Kids Curate is a yearlong program that integrates art and science into existing curriculum and culminates in an exhibition. It provides hands-on arts learning for students at schools with limited art programs. The program integrates art, science, history and writing into classroom curriculum, giving students an opportunity to learn about arts and cultural career possibilities.
In addition, Kids Curate creates strong relationships between the Museum and Central Oregon students and provides participating students with the pride of publicly and prominently displaying their artwork.
This year’s Kids Curate exhibition is created by fifth-grade students from R.E. Jewell Elementary School in Bend and opens Friday, May 7, 2021. The project explores how plants and animals use energy from the sun. Each individual class was assigned one of three habitats – forest, riparian or shrub-steppe. The ecosystems were studied in relation to energy creation for the unique plants and animals. The kids created a mural of line drawings of various flora and fauna from the different ecosystems.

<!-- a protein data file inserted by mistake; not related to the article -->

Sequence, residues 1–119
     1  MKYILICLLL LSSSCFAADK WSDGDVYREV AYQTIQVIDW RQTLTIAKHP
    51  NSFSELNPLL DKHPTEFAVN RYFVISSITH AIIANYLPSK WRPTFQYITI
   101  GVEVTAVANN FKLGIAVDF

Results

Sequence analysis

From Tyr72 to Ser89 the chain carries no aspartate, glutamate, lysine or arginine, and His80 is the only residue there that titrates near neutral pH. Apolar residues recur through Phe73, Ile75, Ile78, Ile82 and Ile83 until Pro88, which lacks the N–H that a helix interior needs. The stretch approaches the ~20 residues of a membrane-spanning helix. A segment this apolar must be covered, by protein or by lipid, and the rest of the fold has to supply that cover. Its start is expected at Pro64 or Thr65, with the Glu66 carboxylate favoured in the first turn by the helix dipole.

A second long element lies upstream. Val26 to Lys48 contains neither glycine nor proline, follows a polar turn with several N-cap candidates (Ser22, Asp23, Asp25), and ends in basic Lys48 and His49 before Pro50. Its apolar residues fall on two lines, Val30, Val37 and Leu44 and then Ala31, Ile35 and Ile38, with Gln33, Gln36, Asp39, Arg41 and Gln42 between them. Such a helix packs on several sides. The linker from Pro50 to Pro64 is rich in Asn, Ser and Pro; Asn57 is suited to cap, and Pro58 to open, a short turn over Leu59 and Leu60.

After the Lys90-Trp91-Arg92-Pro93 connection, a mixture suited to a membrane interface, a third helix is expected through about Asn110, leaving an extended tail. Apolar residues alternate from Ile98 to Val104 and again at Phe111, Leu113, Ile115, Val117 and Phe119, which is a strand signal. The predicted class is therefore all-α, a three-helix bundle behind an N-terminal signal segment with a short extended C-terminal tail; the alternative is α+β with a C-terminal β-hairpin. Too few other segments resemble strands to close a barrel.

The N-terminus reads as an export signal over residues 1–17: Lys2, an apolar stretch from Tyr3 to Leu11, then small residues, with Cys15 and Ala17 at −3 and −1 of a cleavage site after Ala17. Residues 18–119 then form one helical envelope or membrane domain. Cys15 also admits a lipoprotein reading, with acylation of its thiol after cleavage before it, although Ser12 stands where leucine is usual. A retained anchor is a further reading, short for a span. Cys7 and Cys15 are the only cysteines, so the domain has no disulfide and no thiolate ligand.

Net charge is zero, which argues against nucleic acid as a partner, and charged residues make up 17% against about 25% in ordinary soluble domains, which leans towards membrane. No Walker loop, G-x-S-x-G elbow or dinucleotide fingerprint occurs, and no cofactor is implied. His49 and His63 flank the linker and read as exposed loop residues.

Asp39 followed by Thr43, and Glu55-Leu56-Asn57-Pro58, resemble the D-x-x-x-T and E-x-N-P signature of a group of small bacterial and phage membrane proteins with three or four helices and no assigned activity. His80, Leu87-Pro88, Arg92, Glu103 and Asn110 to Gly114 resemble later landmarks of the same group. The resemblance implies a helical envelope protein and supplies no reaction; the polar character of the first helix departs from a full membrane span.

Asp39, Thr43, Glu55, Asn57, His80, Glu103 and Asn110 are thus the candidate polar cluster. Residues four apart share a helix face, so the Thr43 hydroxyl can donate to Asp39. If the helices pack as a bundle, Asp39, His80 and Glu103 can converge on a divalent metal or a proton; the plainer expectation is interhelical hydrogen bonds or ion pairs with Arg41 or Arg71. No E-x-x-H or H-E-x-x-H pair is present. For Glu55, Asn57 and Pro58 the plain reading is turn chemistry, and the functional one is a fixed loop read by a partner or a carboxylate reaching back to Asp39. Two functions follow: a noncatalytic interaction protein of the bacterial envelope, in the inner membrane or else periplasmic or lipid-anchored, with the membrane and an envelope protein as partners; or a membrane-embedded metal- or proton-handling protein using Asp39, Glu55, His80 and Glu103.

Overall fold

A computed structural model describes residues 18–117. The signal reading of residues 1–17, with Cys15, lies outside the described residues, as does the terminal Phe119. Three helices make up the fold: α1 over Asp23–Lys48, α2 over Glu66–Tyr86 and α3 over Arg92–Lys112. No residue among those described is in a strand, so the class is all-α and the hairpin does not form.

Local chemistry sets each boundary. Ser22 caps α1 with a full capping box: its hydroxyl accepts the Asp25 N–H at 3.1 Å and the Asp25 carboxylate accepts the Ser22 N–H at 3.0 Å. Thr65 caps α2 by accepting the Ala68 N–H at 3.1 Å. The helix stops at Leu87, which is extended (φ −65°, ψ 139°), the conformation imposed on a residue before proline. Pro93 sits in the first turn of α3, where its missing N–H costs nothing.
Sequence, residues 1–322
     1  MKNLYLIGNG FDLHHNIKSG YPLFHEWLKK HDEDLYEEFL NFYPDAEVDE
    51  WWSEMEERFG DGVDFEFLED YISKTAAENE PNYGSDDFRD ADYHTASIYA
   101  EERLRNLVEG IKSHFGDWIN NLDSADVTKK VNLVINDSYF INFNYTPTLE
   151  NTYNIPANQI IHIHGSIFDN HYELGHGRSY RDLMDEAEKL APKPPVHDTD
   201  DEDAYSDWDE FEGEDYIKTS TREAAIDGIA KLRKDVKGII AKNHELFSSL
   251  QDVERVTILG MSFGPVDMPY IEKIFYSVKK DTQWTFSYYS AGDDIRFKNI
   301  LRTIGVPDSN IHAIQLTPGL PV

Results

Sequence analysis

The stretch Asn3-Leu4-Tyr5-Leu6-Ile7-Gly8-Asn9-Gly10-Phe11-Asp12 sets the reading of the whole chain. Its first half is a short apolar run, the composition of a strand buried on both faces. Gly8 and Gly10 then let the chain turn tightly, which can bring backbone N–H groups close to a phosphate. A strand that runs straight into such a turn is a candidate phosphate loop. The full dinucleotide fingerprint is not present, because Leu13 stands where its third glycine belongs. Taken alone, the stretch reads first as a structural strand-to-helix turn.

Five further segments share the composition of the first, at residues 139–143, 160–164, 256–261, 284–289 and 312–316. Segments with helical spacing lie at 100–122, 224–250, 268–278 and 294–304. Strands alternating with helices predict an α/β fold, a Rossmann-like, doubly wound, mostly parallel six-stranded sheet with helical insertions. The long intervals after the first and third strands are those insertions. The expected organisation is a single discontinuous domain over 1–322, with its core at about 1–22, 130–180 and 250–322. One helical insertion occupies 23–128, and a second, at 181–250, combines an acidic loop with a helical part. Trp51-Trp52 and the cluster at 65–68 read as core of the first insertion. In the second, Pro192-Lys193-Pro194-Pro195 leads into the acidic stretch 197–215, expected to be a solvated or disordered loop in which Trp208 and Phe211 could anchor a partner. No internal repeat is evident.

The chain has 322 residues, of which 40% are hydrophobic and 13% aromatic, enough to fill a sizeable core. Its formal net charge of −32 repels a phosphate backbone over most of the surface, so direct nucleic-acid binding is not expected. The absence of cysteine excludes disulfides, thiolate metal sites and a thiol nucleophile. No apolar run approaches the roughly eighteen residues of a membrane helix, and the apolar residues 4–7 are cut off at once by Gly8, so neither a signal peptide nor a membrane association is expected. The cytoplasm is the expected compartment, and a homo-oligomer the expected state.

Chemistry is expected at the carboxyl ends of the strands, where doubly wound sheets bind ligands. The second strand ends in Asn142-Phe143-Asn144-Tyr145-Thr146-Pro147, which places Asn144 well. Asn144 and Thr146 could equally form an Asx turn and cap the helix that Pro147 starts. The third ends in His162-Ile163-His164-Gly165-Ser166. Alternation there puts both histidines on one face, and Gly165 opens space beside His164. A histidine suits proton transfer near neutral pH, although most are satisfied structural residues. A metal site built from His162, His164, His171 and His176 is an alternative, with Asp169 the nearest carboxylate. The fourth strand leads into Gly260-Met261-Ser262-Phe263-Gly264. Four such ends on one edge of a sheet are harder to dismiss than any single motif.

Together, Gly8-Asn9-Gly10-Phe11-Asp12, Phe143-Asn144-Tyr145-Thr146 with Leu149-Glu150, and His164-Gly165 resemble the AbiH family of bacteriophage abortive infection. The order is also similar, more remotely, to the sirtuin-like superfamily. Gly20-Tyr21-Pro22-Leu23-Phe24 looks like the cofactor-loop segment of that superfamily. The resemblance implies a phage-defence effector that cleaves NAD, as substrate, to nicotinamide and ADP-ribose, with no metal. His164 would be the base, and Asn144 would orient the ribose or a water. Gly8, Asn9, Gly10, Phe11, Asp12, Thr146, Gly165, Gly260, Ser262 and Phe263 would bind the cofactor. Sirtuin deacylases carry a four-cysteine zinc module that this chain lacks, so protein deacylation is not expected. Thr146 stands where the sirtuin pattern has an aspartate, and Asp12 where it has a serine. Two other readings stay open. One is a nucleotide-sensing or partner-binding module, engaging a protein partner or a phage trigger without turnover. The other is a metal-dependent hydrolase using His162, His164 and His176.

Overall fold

Art supplies were distributed to the students in November. The entire program this year was done through Zoom video classes until students returned to full in-person learning in mid-April.
During the 2019-2020 school year, the High Desert Museum partnered with Rosland Elementary in La Pine! Students spent the year exploring wildlife corridors and migration routes for native creatures. During the 2018-2019 school year, Kids Curate was dedicated to Ensworth Elementary in northeast Bend. The project explored three main ecosystems of Smith Rock including rimrock, shrub-steppe and riparian. The final exhibit included a large-scale mural painting that depicted food webs in the three Smith Rock ecosystems, photographic landscape collages and three large erosion sculptures.
“We are so proud of how the students embraced this program in a different way this year,” said Bonnie Lee and Oliver P. Steele III Curator of Education Carolyn Nesbitt. “We all have the ability to examine plants and animals in our own neighborhoods, and the kids explored and embraced not only the assigned habitats but also what’s right out their own front doors.”